Cancer patient Mary Jones accepts that, for many people, being told they have the condition is a frightening and worrying experience.
But the 82-year-old is keen to stress that the diagnosis does not necessarily spell the end of a patient’s days - and that undergoing a treatment now being offered at Sheffield’s Weston Park Hospital has allowed her to carry on living life to the full for as long as possible.
Mary, a retired NHS secretary, has a rare type of growth known as a neuroendocrine tumour, which started in her pancreas and has since spread to her bowels, liver and lungs.
Typically her illness does not respond well to standard cancer treatments such as chemotherapy, so alternative therapies are required.
Weston Park Hospital has now started offering two therapies which use targeted radioactive injections to destroy cancer cells in patients with neuroendocrine tumours, as well as men suffering from prostate cancer.
Mary is one of the first people to be given one of the two treatments - dotatate therapy - in Sheffield.
It was previously only offered in Liverpool and London, meaning she can now receive her injections much closer to home.
“Most people are scared when they get the diagnosis, but I am all for anything new that comes out,” said Mary, who lives near Crich in Derbyshire with Gwilym, 85, her husband of more than 60 years.
“This treatment should give me an improved quality of life. I am hoping now I can potter around the garden and I’m hoping I will be able to go to church more often than not.”
She added: “Having cancer does not destroy everything in your life - you can still enjoy reading and music, and it opens your eyes to the kindness of strangers, like the staff at the hospital and how much they want to help.”
Mary said her condition was diagnosed in 2010, following a long wait to discover the cause of her symptoms.
“Because I’ve got a rare cancer they can’t operate or give me chemotherapy, and because of where the tumour is they couldn’t offer me radiotherapy,” she said.
Dotatate therapy is given to patients with neuroendocrine tumours.
These relatively rare tumours arise from cells of the hormonal and nervous systems, most commonly affecting the bowel, the pancreas and the lung.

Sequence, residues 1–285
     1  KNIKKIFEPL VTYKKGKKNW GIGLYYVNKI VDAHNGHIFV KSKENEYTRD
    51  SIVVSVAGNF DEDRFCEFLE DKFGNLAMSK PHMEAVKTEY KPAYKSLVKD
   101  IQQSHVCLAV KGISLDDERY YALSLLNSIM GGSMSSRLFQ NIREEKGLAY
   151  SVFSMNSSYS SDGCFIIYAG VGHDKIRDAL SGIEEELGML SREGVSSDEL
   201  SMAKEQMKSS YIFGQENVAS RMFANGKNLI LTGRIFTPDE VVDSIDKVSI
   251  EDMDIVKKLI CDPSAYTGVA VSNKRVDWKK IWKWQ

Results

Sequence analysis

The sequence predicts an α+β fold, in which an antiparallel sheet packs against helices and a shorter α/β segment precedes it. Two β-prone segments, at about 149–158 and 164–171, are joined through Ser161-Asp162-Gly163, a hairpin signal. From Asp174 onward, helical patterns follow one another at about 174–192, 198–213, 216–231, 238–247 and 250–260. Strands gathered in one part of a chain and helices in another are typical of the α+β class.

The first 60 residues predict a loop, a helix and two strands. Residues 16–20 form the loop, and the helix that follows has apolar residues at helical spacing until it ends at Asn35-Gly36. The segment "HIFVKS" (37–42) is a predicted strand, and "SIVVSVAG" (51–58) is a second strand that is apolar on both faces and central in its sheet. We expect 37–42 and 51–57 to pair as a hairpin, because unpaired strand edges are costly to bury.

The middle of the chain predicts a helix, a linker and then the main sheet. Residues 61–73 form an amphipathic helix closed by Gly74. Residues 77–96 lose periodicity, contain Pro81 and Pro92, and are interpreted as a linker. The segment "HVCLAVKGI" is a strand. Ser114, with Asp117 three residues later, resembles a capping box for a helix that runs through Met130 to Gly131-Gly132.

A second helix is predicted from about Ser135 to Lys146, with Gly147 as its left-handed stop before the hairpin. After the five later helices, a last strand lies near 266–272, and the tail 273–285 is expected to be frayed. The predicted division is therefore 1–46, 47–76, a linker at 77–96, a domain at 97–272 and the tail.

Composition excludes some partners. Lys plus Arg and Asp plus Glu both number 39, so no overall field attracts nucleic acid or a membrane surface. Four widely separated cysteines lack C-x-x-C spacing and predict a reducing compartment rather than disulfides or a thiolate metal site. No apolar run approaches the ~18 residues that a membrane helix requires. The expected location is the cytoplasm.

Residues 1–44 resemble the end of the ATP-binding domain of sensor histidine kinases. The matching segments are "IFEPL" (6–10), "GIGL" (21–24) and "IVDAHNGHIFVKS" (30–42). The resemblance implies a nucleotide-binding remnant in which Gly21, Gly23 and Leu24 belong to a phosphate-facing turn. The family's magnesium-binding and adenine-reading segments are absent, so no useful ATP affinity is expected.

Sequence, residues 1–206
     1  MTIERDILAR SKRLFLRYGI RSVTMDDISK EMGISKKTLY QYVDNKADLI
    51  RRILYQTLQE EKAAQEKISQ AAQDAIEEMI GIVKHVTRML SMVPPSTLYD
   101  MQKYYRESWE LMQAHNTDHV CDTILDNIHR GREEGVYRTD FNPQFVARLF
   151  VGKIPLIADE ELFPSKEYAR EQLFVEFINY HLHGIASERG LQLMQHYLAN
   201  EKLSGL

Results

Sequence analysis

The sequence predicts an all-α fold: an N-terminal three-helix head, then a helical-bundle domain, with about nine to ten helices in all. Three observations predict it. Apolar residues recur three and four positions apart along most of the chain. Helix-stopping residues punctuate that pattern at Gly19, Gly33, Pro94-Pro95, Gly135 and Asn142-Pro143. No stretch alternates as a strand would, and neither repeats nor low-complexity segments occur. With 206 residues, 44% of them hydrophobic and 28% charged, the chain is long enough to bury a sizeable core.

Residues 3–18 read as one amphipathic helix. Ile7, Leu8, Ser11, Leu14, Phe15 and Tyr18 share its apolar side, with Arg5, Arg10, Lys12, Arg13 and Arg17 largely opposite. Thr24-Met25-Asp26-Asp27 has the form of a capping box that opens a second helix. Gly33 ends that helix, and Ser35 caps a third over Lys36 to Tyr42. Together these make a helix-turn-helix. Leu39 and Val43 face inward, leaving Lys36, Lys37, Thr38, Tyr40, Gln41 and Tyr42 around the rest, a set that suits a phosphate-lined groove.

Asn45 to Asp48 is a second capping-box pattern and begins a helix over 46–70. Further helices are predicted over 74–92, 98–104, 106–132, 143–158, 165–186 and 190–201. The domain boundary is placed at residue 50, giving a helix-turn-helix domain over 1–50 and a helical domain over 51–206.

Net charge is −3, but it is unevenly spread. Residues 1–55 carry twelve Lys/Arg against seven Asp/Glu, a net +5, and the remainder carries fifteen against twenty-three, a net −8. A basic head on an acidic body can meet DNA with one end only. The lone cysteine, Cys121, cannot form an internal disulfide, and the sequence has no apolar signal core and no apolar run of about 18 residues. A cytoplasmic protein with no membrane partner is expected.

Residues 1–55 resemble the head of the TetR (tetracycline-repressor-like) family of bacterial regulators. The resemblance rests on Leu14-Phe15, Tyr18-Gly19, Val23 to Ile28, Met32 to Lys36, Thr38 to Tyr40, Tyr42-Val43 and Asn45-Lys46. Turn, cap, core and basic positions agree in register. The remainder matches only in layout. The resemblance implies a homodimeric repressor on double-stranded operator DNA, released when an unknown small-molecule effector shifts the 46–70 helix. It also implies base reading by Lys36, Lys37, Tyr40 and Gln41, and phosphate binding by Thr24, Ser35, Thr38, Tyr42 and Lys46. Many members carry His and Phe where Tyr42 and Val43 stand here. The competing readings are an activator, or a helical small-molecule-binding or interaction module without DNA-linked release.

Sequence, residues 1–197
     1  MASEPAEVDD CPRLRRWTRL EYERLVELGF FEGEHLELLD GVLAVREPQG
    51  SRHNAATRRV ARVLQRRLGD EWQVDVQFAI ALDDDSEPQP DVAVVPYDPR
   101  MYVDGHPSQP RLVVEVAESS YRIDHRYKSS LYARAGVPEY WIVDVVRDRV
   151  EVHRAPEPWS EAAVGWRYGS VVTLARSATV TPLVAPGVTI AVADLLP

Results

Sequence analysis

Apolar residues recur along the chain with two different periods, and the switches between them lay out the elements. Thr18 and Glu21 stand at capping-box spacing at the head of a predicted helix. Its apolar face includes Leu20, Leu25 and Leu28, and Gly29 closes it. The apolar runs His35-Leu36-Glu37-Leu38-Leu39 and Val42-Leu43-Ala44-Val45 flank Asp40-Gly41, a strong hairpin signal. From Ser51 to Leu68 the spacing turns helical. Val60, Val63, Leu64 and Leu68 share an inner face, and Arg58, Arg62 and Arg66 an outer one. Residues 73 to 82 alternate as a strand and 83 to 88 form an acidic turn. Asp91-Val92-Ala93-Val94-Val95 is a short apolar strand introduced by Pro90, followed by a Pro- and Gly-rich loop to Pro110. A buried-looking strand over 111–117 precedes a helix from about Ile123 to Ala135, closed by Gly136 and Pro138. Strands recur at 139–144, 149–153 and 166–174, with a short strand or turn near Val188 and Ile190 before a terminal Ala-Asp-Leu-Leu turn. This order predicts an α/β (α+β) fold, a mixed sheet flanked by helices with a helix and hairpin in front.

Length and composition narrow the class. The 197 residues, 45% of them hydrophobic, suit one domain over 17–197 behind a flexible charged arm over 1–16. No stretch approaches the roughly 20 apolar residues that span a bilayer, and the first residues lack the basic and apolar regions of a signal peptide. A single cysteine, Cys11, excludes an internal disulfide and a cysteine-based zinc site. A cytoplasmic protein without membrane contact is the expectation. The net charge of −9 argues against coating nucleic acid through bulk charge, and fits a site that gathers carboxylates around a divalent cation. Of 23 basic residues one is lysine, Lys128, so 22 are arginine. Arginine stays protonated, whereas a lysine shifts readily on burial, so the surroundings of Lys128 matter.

Patients are injected with high doses of a radioactive substance which attaches to cells within the tumours.
The short-lived radioactivity then destroys the malignant cells.
Meanwhile the second treatment, Xofigo, is used to treat advanced forms of prostate cancer which has spread to the bones, causing pain.
The therapy works by injecting a mildly radioactive form of the metal radium into the blood.
This then finds its way to the bones, where it is more likely to be absorbed by active cancer cells.
Once absorbed, the radioactivity destroys cancerous cells without damaging healthy tissue.
Dr Jonathan Wadsley, a consultant oncologist at Weston Park Hospital, said the treatments’ full benefits have only come to light in recent years.
“Radioactive isotopes have been used in the treatment of thyroid cancer for many years, but it is only recently that this type of treatment has been found to benefit patients with other cancers,” he said.
“Both dotatate therapy and Xofigo form part of a new wave of cutting-edge cancer treatments that minimise damage to other healthy cells using targeted radioisotope cancer therapies.”
He said cancer specialists had worked closely with Sheffield Teaching Hospitals’ nuclear medicine team to bring the treatments to the city.
Dr Wadsley added that the trust had a ‘long history of safely administering radioactive treatments to improve the quality of patients’ lives.’
The launch of the new therapies coincides with the official opening of a recently refurbished nuclear medicine therapy suite at Weston Park.
Mary said the helpful and caring attitude of the hospital’s staff did much to put her at ease.
“People should not be frightened because the staff are fantastic.
“I had nurses with me all day and a consultant came to check on me.
“They were all so professional and approachable. They talk you through how it might affect you so you don’t feel isolated at all.
“Personally I think they’re making great strides in cancer treatment now.”